In researching the history of the gin rickey, I stumbled upon a spritzy little cocktail buried deep in George Rothwell Brown’s Capital Silhouettes column from December 1923. Brown didn’t have the column inches, the interest or the mental clarity after pounding all that illegal hooch during Prohibition to flesh out the details of the drink. He didn’t even have the courtesy to pass along the drink’s name for those of us, some 88 years later, who want to resurrect the champagne tipple.
Here’s what Brown did write:
John Randolph, at a later day, was so fond of porter that he even drank it on the floor of the Senate, but who, save my good old friend of many years, John Hartnett, can tell us at this late day the names of the favorite drinks of a generation of statesmen who have long since passed off the stage? Mr. Hartnett was the major domo at the old Whitney House. Here he served a noble drink, a favorite with the senators and other public men who lived there, a drink made in a huge pitcher and consisting of a layer of ice, a layer of mint, a layer of sliced oranges, more ice — and then champagne poured in until the vessel was full.
I have to admit that when I read the ingredient list, my internal body temperature felt as if it had dropped 5 degrees; the drink seemed less like a cocktail lost to time than a potential act of charity from previous generations that had learned to survive D.C. summers without air conditioning.
Even though I knew George Rothwell Brown’s description lacked essential details, I wanted to honor the drink by following the “directions” precisely. I was curious to see what flavors, if any, would seep into the cocktail. I was half-expecting little more than watery champagne, given the word “muddle” never appears anywhere in that historic paragraph and the dominant ingredient is, well, ice. And lots of it.
The main element I had to play with was the champagne. I thought of buying a pricey bottle to pay homage to the cocktail that once refreshed overheated fat cats in Washington. But then I remembered I already had a bottle of Jean-Baptiste Adam Cremant d’Alsace, which the fearsome Francois Haeringer had given me almost two years ago when I profiled the chef, who, at 90 years of age, was still running L’Auberge Chez Francois with an iron fist (usually wrapped around his wooden cane). Less than a year later, Haeringer would pass away, working in the kitchen right to the very end of his life.
How better to resurrect this cocktail, I thought, than with a champagne from a man whose birth predates both the Volstead Act and Brown’s nostalgic ache for a more genteel drinking culture? Why not add an elegant taste of Alsace — courtesy of a champagne-style wine that Haeringer loved to pour — into a drink that was little more than an alcoholic fruit punch?
To my surprise, the citrus had seeped into the crisp, slightly fruity champagne, even though I had let the ingredients combine for only an hour or so. The mint flavor, as expected, was non-existent. Not even a hint of herb. I can’t say it bothered me; I skulled that cocktail like Gatorade after a sweaty run. It reminded me of San Pellegrino Aranciata.
But I also knew that in order to fairly resurrect the drink, I would need professional help. So I called Derek Brown, the author, cocktail classicist and man behind the Columbia Room. Not surprisingly, Brown had already resurrected John Hartnett’s champagne cocktail in the recent past.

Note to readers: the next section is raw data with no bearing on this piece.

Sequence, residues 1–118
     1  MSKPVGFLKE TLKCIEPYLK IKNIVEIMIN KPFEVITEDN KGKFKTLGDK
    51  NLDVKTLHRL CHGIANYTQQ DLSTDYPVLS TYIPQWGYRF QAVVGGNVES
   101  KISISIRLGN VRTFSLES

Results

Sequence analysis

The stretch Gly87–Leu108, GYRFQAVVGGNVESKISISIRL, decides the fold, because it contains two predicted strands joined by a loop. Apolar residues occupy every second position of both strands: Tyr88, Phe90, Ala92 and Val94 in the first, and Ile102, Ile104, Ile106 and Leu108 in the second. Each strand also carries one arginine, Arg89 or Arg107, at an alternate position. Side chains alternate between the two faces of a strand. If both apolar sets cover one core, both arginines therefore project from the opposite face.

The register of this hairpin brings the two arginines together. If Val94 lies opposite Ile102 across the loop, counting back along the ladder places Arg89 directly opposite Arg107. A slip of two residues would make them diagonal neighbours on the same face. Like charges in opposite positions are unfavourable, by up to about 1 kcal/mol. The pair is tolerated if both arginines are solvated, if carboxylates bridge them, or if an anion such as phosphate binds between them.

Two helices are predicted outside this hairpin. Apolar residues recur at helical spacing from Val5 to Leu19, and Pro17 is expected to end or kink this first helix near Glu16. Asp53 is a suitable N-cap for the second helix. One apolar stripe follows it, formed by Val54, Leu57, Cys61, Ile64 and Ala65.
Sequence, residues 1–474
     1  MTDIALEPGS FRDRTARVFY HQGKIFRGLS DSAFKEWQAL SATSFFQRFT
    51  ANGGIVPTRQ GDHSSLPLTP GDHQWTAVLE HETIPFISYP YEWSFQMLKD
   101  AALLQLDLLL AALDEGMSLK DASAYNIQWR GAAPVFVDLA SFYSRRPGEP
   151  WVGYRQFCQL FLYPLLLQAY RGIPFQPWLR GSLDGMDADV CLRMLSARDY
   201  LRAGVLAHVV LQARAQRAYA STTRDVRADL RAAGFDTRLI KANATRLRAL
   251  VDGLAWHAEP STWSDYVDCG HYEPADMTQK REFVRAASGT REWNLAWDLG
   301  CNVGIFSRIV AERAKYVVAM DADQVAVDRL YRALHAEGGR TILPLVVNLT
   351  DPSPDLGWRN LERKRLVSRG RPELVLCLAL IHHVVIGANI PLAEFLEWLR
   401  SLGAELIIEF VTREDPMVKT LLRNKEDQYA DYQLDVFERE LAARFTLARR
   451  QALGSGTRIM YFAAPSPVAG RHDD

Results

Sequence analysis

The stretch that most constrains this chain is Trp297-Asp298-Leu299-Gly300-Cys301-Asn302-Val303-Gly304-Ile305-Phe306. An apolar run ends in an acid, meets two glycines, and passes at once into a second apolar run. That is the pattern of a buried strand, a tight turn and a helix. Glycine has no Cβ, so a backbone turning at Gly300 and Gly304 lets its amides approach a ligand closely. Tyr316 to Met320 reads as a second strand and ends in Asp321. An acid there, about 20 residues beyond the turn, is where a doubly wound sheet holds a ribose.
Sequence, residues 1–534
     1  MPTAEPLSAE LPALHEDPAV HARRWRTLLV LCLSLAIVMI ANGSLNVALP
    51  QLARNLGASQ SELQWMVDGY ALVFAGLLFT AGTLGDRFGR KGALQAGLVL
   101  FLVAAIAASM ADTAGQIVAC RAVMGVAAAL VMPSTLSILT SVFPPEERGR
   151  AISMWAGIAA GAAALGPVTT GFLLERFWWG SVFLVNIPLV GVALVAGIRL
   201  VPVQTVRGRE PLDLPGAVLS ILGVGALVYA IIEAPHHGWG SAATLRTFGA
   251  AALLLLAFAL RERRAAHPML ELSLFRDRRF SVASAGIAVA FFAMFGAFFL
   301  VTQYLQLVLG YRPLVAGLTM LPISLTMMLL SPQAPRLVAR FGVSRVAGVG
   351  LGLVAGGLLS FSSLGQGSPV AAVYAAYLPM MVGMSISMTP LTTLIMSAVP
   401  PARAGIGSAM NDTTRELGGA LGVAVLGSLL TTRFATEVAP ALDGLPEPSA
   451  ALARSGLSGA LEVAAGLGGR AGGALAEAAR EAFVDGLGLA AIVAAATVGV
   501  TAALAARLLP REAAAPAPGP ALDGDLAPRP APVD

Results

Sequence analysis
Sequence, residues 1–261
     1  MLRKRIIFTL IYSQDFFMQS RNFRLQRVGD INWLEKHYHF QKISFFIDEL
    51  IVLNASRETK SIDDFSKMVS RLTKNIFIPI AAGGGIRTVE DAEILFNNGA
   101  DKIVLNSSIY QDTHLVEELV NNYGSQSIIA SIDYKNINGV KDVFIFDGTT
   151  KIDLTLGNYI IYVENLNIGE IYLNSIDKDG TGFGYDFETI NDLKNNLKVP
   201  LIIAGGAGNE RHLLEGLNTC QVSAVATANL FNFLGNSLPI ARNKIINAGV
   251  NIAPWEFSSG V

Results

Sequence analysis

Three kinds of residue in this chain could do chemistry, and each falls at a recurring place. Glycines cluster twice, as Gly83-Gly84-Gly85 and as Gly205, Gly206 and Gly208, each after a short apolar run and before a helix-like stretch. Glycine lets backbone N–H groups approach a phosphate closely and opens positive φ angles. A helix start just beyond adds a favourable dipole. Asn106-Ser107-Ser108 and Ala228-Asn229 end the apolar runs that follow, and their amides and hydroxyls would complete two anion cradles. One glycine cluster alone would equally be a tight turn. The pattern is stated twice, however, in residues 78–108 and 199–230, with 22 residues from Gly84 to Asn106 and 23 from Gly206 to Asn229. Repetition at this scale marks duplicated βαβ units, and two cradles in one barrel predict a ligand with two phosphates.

The important thing to remember, Brown notes, is that 19th-century champagne tilted sweet. “Today we prefer dry champagne, but back then it was sweeter,” more demi-sec than brut, Brown says. “That’s one of the reasons why in reconstructing [Hartnett’s] old recipe... it could use a little something.”
To Brown, that little something is simple syrup for added sweetness and an orange liqueur to amp up the citrus. He, of course, also suggests a light muddle on those mint sprigs to bring out their essential oils. The mixologist says this recipe, because of its champagne base, falls squarely in the category of “cups,” not cocktails or punches.
As for a name, Brown doesn’t think twice. Hartnett, as the drink’s alleged creator, deserves the recognition. But in a splendid twist, perhaps with tongue slightly pressed against cheek, Brown riffs on the older Brown’s words — a “noble drink” — and suggests:
Hartnett’s Noble Cup
Makes 1 pitcher (4 servings)
Based on a historic recipe by bartender John Hartnett at the Whitney House in Washington; adapted by mixologist Derek Brown from the Columbia Room.
5 small mint sprigs, lightly muddled, plus 2 small sprigs (see NOTES)
Half an orange, cut into thin half-moon slices (seeded if necessary)
2 ounces simple syrup (optional; see NOTES)
2 ounces Grand Marnier (optional)
One 750-ml bottle of brut, or dry, champagne
1 cup ice cubes, plus more for serving
Place the mint sprigs at the bottom of a pitcher large enough to hold the contents of a 750-milliliter bottle of champagne. Lightly muddle the mint.
Add the orange slices, then the simple syrup and Grand Marnier, if desired. Pour the entire bottle of champagne into the pitcher. Add the ice and the 2 remaining mint sprigs, slightly tearing or bruising the leaves to release their oils). Stir briefly; refrigerate for at least 1 hour.
Serve in wineglasses half-filled with ice.
NOTES: To lightly muddle the mint, take a muddler, apply pressure to the sprigs and twist a quarter of a turn. Repeat the process no more than three times to release the herb’s essential oils. Do not over-muddle.
To make simple syrup, combine 1/2 cup of sugar and 1/2 cup of water in a small saucepan over medium heat, stirring until the sugar dissolves. Bring to a slow rolling boil, then reduce the heat to medium-low and cook for 5 minutes. Transfer to a heatproof container and let cool to room temperature.